They are chemical indicators that change color in the presence of certain ions and can return to their original color once the ions are removed. These indicators are used to determine when all metal ions are chelated or sequestered, generally by EDTA.

There is specificity of metallochromic indicators for certain ions. For example: calcein is specific for calcium. Hematoxylin is specific for copper. And dithizone is specific for zinc and lead.

Chemical indicators with luminescence capacity

Luminol reacting with hemoglobin. Source: everyone’s idle from berlin, germany / CC BY-SA (https://creativecommons.org/licenses/by-sa/2.5)

Luminol (5-amino-2,3-dihydrophthalazine-1,4-dione) is a chemical compound , which in the presence of an oxidizing agent, emits a blue light. Luminol is used in forensic practice to detect the presence of blood, although this is not evident, since luminol reacts with the iron present in hemoglobin.

Chemical moisture indicators

Silica gel bag. Source: Silver Spoon / CC BY-SA (https://creativecommons.org/licenses/by-sa/3.0)

Silica gel is a chemical substance that has a great capacity to absorb water, being used to keep medicines, some foods, etc. dry. Silica gel is used in small bags that accompany the products to be dried.

To ensure that the desiccant is capable of fulfilling its function, it is accompanied by a chemical moisture indicator, for example: methyl violet. This indicator is orange when dry, and purple when wet.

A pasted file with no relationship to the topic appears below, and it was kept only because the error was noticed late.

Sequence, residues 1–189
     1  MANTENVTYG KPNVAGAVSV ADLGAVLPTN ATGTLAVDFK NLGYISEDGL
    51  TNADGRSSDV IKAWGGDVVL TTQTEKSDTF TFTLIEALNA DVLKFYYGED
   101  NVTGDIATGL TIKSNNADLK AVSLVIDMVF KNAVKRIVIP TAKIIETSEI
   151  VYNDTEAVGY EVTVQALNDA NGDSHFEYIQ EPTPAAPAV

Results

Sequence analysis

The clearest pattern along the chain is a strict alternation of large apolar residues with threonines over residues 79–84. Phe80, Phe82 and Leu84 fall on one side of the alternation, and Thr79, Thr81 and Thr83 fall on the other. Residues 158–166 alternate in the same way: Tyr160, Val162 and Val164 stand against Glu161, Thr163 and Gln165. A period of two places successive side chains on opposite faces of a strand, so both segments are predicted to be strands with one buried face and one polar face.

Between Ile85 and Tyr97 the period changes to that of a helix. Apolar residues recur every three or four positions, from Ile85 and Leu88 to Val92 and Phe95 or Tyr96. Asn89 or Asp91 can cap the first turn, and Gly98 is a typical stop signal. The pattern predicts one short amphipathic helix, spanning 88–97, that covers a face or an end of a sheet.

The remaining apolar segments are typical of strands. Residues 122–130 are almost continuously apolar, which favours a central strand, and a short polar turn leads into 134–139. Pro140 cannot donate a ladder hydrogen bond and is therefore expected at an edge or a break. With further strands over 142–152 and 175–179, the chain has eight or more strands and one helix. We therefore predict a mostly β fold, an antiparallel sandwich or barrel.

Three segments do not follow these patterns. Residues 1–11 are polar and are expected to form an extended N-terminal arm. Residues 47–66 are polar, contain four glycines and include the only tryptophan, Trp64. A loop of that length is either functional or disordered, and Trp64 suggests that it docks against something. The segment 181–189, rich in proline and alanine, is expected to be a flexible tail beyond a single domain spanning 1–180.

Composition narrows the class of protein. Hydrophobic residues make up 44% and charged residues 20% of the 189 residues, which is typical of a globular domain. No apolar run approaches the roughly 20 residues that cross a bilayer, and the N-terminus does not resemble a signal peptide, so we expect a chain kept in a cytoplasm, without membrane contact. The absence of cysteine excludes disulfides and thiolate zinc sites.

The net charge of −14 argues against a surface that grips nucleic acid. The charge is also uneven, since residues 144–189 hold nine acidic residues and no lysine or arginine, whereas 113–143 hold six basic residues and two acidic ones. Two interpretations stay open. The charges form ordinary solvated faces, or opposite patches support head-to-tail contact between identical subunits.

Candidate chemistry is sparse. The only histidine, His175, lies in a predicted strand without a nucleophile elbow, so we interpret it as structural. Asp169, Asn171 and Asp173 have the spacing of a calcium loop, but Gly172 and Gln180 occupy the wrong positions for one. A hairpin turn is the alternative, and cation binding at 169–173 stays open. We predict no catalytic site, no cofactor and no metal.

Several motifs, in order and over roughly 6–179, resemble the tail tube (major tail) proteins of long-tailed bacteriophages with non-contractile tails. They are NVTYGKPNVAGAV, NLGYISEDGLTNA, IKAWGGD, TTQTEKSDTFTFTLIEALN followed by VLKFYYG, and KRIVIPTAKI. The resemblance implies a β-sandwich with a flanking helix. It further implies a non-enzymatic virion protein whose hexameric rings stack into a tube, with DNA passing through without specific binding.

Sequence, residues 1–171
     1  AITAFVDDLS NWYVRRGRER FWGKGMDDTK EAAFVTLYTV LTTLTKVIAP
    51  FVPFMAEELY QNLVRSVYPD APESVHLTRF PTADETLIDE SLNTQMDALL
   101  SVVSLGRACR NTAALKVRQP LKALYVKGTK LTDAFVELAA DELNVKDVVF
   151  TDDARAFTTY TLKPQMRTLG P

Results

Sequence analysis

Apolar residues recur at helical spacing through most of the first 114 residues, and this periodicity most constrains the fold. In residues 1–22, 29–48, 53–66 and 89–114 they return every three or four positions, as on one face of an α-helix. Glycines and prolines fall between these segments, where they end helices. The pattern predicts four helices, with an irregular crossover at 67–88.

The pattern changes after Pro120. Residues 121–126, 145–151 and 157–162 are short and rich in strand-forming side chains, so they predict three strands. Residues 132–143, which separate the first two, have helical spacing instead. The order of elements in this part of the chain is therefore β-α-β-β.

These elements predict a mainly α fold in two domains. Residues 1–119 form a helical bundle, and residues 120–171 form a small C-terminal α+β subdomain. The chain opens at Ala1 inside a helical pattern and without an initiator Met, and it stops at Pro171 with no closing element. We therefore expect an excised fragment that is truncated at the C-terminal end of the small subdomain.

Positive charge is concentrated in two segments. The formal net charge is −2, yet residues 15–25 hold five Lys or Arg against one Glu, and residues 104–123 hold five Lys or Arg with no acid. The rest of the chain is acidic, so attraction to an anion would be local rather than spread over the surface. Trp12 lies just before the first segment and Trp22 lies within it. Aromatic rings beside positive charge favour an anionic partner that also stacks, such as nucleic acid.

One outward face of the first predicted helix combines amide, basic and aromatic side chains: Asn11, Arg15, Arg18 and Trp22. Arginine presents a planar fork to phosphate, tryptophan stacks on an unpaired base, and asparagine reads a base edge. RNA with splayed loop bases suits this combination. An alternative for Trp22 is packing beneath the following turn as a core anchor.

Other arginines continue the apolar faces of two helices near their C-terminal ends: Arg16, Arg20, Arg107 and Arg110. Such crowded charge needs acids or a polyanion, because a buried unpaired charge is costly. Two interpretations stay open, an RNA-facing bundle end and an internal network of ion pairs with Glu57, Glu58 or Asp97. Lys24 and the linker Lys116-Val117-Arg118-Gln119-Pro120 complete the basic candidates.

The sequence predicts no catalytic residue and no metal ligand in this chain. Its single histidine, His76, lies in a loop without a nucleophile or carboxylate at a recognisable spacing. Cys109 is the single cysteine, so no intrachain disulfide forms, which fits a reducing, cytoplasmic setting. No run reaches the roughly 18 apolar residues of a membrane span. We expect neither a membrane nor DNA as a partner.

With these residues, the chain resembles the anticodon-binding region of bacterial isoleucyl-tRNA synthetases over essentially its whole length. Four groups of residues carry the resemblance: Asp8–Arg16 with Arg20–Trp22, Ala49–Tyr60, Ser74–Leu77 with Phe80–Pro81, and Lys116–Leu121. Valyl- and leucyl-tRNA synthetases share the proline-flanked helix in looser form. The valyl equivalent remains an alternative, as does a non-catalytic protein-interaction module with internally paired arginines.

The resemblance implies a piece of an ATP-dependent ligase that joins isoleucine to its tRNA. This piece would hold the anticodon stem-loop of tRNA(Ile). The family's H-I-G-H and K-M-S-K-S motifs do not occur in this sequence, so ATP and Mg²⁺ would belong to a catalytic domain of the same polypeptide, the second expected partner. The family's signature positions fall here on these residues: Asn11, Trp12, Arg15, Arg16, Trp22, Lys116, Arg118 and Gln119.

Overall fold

Chemical sterilization indicators

They are chemical compounds that accompany materials subjected to an autoclave sterilization process. There are of several types. Some are solids that melt from heat, and others are substances that change color due to the sterilization process.

These indicators allow you to be confident that the material has completed the entire sterilization process.

Examples of chemical indicators

Base acid

Listed below are several acidic indicators along with the pH ranges where they change color:

-Methyl yellow 2.9 – 4.0

-Bromophenol Blue 3.0 – 4.6

-Congo red 3.0 – 5.0

-Methyl orange 3.1 – 4.4

-Bromocresol green 3.8 – 5.4

-Methyl Violet 10 B 0.0 – 2.0

-Phenol red 6.4 – 8.0

-Neutral red 6.8 – 8.0

Phenolphthalein (First change) 0.0 – 8.3 (colorless)

(Second change) 8.3 – 10.0 (purple)

(Third change) 12.0 – 13.0 (colorless)

Natural acid base

The anthocyanin pigment, which acts as an acid-base indicator, is found in the petals of various red flowers, including geranium, on stems such as rhubarb, etc.

Turmeric, a spice used in oriental cuisine, is yellow in acidic conditions, and brown in alkaline conditions.

Litmus

Litmus is an acid-base indicator that was used by medieval alchemists. It is a natural indicator made with a mixture of dyes extracted from various lichens.

Litmus is red at acidic pH and blue at alkaline pH, having a color change scale between 4.5 and 8.3.

Potassium permanganate

Potassium permanganate has a dual function: it acts as an oxidizing agent and as a chemical redox indicator. In reduced state it is pale pink in color, while in oxidized state it is deep purple.